Jordan J. Ballor (Dr. theol., University of Zurich; Ph.D., Calvin Theological Seminary) is a senior research fellow and director of publishing at the Acton Institute for the Study of Religion & Liberty, where he also serves as executive editor the Journal of Markets & Morality. He is author of Get Your Hands Dirty: Essays on Christian Social Thought (and Action) (Wipf & Stock, 2013), Covenant, Causality, and Law: A Study in the Theology of Wolfgang Musculus (Vandenhoeck & Ruprecht, 2012) and Ecumenical Babel: Confusing Economic Ideology and the Church's Social Witness (Christian's Library Press, 2010), as well as editor of numerous works, including Abraham Kuyper Collected Works in Public Theology. Jordan is also associate director of the Junius Institute for Digital Reformation Research at Calvin Theological Seminary. He has authored articles in academic publications such as The Journal of Religion, Scottish Journal of Theology, Reformation & Renaissance Review, and Journal of Scholarly Publishing, and has written popular pieces for newspapers including the Detroit News, Orange County Register, and The Atlanta Journal-Constitution. In 2006, Jordan was profiled in the book, The Relevant Nation: 50 Activists, Artists And Innovators Who Are Changing The World Through Faith. Jordan's scholarly interests include Reformation studies, church-state relations, theological anthropology, social ethics, theology and economics, and research methodology. Jordan is a member of the Christian Reformed Church in North America (CRCNA), and he resides in Jenison, Michigan with his wife and three children.

Posts by Jordan J. Ballor

No Smoking in the Smoke Shop

Madison, Wisconsin’s city council voted down a resolution that would have allowed an exemption from the public smoking ban for cigar bars. The ban goes into effect July 1. HT: Cigar Jack’s Cigar Blog Continue Reading...

Acton Launches Samaritan Guide

From the press release: A new Web-based resource providing detailed information and evaluation of more than 200 nonprofit organizations in the United States is now available for use by charity managers, philanthropists and the public. Continue Reading...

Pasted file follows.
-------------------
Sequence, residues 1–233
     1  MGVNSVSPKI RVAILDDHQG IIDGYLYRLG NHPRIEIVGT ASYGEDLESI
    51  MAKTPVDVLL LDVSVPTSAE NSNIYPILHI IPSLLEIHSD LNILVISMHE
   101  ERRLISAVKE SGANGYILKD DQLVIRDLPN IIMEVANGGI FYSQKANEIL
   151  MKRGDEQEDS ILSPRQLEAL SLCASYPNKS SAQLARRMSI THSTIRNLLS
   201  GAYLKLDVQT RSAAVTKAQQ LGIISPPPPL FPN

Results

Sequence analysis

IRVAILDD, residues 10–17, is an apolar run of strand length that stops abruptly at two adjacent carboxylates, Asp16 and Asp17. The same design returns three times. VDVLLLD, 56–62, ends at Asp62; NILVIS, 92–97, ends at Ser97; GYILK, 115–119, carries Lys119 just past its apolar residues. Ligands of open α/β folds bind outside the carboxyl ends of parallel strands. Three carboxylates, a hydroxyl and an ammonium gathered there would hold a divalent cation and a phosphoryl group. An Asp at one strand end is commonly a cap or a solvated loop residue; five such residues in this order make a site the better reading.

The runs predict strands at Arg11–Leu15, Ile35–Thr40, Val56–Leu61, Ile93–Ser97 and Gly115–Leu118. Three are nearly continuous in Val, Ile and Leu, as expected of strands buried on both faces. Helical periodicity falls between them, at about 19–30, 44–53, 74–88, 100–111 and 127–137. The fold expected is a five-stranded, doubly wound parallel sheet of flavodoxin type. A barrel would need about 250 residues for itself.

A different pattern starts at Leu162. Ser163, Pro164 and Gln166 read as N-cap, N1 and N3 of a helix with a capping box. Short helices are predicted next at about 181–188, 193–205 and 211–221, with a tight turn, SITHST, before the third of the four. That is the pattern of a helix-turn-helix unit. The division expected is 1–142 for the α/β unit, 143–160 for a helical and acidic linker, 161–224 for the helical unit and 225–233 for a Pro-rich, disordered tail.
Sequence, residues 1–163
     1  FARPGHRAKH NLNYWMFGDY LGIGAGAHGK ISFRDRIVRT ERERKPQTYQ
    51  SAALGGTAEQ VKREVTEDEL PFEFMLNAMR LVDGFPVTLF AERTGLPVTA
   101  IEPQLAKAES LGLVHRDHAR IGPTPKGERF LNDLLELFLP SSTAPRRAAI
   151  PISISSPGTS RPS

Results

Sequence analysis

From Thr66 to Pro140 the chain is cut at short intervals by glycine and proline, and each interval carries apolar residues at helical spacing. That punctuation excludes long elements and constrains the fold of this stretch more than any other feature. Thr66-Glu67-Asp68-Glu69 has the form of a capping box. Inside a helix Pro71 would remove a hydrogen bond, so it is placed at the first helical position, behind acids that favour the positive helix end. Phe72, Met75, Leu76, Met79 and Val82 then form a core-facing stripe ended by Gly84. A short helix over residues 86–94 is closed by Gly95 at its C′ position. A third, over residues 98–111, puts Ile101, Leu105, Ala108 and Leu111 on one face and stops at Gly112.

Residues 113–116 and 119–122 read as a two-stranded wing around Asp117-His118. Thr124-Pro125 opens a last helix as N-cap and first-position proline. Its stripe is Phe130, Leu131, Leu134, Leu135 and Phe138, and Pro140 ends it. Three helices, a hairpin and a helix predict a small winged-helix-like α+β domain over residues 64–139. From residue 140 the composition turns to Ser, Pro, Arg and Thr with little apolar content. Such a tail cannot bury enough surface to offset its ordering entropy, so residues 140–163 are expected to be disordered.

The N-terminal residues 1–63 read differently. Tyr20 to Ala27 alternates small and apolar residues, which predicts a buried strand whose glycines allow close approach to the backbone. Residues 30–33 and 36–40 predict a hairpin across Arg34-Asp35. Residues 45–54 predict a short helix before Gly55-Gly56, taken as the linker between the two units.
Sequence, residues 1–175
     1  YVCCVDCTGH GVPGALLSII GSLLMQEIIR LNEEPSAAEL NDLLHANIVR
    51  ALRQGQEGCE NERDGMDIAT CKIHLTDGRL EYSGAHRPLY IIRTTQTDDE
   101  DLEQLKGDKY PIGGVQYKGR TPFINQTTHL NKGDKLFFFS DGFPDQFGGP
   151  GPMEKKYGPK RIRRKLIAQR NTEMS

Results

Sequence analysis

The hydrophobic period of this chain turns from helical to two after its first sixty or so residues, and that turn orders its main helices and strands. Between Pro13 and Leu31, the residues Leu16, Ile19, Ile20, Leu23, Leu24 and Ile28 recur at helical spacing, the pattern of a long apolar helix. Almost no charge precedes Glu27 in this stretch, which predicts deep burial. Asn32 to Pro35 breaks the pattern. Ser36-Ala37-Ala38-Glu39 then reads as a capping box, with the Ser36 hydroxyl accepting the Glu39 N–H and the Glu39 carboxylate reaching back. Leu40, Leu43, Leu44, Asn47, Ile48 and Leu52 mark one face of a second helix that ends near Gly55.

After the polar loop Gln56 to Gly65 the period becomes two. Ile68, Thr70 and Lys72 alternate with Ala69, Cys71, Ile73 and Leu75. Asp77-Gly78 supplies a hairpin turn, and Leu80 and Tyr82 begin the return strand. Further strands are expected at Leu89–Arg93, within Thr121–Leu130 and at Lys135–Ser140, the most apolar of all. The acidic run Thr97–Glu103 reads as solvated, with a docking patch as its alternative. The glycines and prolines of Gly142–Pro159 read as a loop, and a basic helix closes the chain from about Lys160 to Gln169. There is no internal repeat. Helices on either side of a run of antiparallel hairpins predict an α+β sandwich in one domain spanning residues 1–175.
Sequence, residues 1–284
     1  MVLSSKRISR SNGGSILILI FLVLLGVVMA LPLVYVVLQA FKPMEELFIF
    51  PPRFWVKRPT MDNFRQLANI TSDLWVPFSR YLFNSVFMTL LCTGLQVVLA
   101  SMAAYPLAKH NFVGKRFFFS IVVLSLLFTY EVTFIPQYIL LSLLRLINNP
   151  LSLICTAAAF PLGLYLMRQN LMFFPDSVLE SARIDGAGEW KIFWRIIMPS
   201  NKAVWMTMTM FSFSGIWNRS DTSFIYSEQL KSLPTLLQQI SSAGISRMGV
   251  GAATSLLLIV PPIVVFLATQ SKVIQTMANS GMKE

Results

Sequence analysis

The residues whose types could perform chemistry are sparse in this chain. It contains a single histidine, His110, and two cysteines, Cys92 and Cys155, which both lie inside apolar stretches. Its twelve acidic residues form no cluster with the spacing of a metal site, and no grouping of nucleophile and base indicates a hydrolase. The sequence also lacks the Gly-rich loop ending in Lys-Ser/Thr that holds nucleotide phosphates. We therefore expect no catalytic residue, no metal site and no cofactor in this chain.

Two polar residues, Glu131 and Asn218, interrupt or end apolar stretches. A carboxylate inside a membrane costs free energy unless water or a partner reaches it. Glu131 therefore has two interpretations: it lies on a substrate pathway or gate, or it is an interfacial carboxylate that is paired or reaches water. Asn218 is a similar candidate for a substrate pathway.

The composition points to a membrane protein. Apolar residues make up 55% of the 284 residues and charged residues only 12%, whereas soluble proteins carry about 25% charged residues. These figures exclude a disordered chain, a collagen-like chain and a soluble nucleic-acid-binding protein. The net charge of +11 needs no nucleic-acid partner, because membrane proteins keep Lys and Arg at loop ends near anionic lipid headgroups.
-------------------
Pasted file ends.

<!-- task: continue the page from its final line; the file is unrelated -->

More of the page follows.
Africans on Debt Cancellation

Rev. Bernard Njoroge During last week’s Symposium, Acton communication staff had the opportunity to interview two African religious leaders on a variety of issues facing their continent, including the $40 billion in debt relief proposed to the G8 nations. Continue Reading...

Interesting Discussion

There’s an interesting discussion going on over at Mirror of Justice about Catholic Social Teaching and the Preferential Option for the Poor: here, here, and here. Continue Reading...

Causes of Increasing Tuition

Harvey Silverglate on the Foundation for Individual Rights in Education (FIRE) blog, The Torch, passes on one explanation for why college tuition costs have been increasing at double digit rates for years on end. Continue Reading...

Social Justice Math

This EducatioNation blog post contains the text of an incisive WSJ editorial, along with a sample curriculum that illustrates the idiocy outlined in the editorial. In “Ethnomathematics,” Diane Ravitch writes, “In the early 1990s, the National Council of Teachers of Mathematics issued standards that disparaged basic skills like addition, subtraction, multiplication and division, since all of these could be easily performed on a calculator.” She goes on to outline some characteristics of the “new, new math,” including “using mathematics as a tool to advance social justice. Continue Reading...

Green Gospel of Biblical Proportions

Courtesy the Evangelical Ecologist, “A group called ‘Operation Noah’ has re-written parts of Scripture to fit their climate change message,” and goes on to compare two “versions” of Psalm 24. I suppose this is just the next logical progression; if Scripture can’t be twisted by some perverse hermeneutic to fit your agenda, just change the text! Continue Reading...

Gifts that Keep on Giving

Having been tagged by Kathryn at Suitable for Mixed Company, I duly submit my list within the guidelines of the following (and pledge not to repeat any placed on my initial list): Imagine that a local philanthropist is hosting an event for local high school students and has asked you to pick out five to ten books to hand out as door prizes. Continue Reading...